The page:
An interesting message hit the news wires around the world in late February. Among many others, Mining.com announced breathlessly, “Apple buying a third of the world’s gold to meet the demand for iWatch.” The text continued with:
Technology giant Apple may soon buy up one-third of the world’s gold to meet the demands of its highly anticipated Apple Watch, according to reports. Interest in the high-end model, featuring 18-karat gold casing, is picking up and the firm is already taking the necessary steps to have enough of them in stock.
Instantly, the chat rooms filled with prognosticators debating the merits or lack thereof for Apple’s next big thing. But Apple’s announcement is both less and more important than you might think.
It is less important because you can’t predict how popular the watch will be – let alone how much gold will go towards its production. Making investment decisions based on a news tag like this one is simply not a good strategy.
In the overall scheme of things, how much supply an Apple gold watch soaks up is unlikely to be a game changer compared to other factors influencing the gold supply/demand universe.
What makes this announcement very important is something that David Morgan has often discussed in his interviews at Money Metals Exchange and in presentations at conferences across North America. That concept is incremental demand.
Over time, the gold and silver bull markets will be driven by the total overall demand change about available supply. But big price changes are determined by the margins of demand. It is the continued addition of new uses for the precious metals – in both the industrial and investment arenas – that adds fuel to this long-term bull market.
Acorns Can Become Mighty Oaks
Individually, the myriad of new uses are small potatoes in terms of how much supply they command on their own. But taken together, they create small waves of desire to acquire these items. Over time, they have the potential to become demand “straws” that can break the supply camel’s back. This marginal action, combined with the primary big volume consumption drivers, may cause the price of a commodity – any commodity – to shift from a solid, plodding bull run, into a vertical, public mania-fueled moon shot.
Here's one marginal demand change (just one of over 10,000 commercial uses) for silver: It’s a Mercedes-Benz Vision G-Code, whose skin acts as a solar panel.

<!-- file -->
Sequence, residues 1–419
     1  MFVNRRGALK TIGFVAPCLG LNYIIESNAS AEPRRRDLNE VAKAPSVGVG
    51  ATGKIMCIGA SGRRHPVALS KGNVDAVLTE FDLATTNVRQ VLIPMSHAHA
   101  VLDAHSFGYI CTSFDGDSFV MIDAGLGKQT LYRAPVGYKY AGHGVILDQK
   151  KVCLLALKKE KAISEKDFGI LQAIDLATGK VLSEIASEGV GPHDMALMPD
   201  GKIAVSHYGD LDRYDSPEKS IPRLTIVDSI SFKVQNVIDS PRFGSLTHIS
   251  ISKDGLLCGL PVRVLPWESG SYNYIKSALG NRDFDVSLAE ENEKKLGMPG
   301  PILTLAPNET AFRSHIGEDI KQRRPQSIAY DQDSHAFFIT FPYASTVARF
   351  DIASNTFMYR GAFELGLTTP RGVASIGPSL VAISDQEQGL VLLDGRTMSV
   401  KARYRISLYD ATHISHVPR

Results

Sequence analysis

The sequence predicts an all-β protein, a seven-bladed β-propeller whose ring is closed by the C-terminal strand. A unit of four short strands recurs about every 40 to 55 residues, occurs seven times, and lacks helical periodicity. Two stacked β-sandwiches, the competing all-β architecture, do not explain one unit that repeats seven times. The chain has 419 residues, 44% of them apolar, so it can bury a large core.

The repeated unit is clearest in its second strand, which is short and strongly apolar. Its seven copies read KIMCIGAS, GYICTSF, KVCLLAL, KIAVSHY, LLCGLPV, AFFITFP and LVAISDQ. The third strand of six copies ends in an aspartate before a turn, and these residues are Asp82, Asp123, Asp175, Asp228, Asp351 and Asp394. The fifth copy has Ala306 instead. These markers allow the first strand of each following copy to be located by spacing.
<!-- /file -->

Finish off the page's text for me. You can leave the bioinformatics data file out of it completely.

Fear and Love Drive Gold and Silver
Frank Holmes popularized the terminology used to describe the twin drivers of gold demand, calling them the Fear Trade and the Love Trade. People around the globe buy and hold gold when they fear geopolitical or economic uncertainty.
By that definition, many places in the world today demonstrate a need for the kind of financial protection that precious metals have always offered. Venezuela, Argentina, Russia, Iraq, the Eurozone – the list gets longer by the week.
Now too, this increasingly includes the United States, as investors and those who wish to protect a portion of their hard-earned savings from continued erosion by government deficit-spending and under-reported inflation start demanding more gold and silver.
But people also buy precious metals to give as gifts, to show affection and respect – the Love Trade. Massive purchases throughout Asia, most notably in India and China, have established a durable demand trend that, in conjunction with Fear Trade buying, may move the tonnage of physical metals’ sales substantially higher.
Silver benefits from this dynamic, which when added to its primary driver – industrial demand – makes for an even more compelling investment and wealth-protection magnet.
And finally, there are platinum and palladium. With the lion’s share of both metals’ uses devoted to automotive and truck catalytic convertors, they should, by any definition, be first and foremost looked upon as industrial metals. However, in both Asia and the West, these two “silvery” metals are increasingly being purchased in ingot and bullion round forms for their investment value, and in the jewelry trade for their beauty and durability.
About the possibilities inherent in Apple's new product, Stu Thomson of Graceland Updates had this to say:
With a market cap of nearly $1 trillion and the complete instability of most global fiat, the move into gold watches with weight becomes a currency hedge for the company, in addition to being a revenue generator… The Apple watch can unlock your car and tell you how charged your electric car is, and I would argue this is the first "parabolic ramp up" of the love trade. It may also reintroduce gold love to the West.
Gold iWatch Is One of Many "Straws in the Wind"
As an investor who is bullish on precious metals, you want to see continued new uses being found for them. And that is exactly what is taking place in all four of today’s precious metals markets – gold, silver, platinum, and palladium.
Long before Apple made its gold watch announcement, precious metals were helping people “tell time.” They gave – and continue to give – those who possess them the ability to not only protect their wealth but often their families’ lives during times of approaching financial storm and political strife. The clock is ticking.
About the Author:
David H. Smith is the Senior Analyst for TheMorganReport.com, a regular contributor to MoneyMetals.com as well as the LODE digital Gold and Silver Project. He has investigated precious metals mines and exploration sites in Argentina, Chile, Peru, Mexico, Bolivia, China, Canada, and the U.S. He shares resource sector observations with readers, the media, and North American investment conference attendees.